Act Now to Avoid Disappointment! Fraudsters have to work fast to convert you in the time they have your attention, so they create a fictional deadline that forces you to give out your information before you have time to think it through or consult others.

Treats or Threats:
They also home in on our fear and greed centres by making threats or offering extraordinary prizes, which can be powerful motivators to overrule reason.

Opportunity Knocks:
Fraudsters are sophisticated and will tailor the scam to maximize their chance of success, such as shopping and delivery-related scams during the run-up to Christmas.

What are some specific scams to watch out for?

Telephone Scams (Vishing): In short, people pretending to be people who are either trying to help you or frighten you. Here are a few flavours:

The Threatening Authority Figure: A bad actor telephones you and pretends to be an authority figure (police, government official), threatening you with imminent legal action or steep fines unless you provide personal information and/or payments. A common one in Vancouver is for a Chinese-language speaker to impersonate a CRA officer, threatening jail time or fines unless the victim pays up.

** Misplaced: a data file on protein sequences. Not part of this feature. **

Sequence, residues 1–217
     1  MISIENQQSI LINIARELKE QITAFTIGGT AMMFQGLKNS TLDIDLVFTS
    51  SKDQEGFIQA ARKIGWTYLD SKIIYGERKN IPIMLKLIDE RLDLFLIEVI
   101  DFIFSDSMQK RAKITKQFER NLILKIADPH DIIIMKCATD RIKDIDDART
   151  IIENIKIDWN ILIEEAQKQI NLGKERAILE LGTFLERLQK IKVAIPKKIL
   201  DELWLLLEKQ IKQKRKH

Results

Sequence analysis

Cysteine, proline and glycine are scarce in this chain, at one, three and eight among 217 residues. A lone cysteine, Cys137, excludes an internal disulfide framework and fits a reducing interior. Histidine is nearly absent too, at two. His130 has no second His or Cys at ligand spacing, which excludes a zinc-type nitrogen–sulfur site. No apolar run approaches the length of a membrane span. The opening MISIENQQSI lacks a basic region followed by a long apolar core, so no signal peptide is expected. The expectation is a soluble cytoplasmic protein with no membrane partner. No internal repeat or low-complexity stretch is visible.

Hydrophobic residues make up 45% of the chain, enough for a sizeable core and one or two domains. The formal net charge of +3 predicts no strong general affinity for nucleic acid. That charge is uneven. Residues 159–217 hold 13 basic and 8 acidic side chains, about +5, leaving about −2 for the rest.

What to do? Take a breath, and remember that creating that turmoil and panic is one of the key tools of scammers. Wherever they claim to be calling from, personally validate their claims by calling the agency directly from their posted phone number. Also, block the caller’s number in your cell phone.

Jackpot!: For this one, scammers play to our desire to get a good deal, be delighted with a prize, or just feel lucky. There are generally a few red flags to watch for here: there is a sense of urgency (“You have to claim your prize now before they’re all gone!”) which precludes you from being able to consult others before committing; the existence of this contest is news to you; and there is a requirement that you pay some fee to secure the prize. That fee, once paid, vanishes with the scammer.

What to do? If someone tells you you’ve won a contest you didn’t enter, hang up. If they require you pay something to collect your prize, hang up. If they’re pressuring you to commit on the phone, hang up.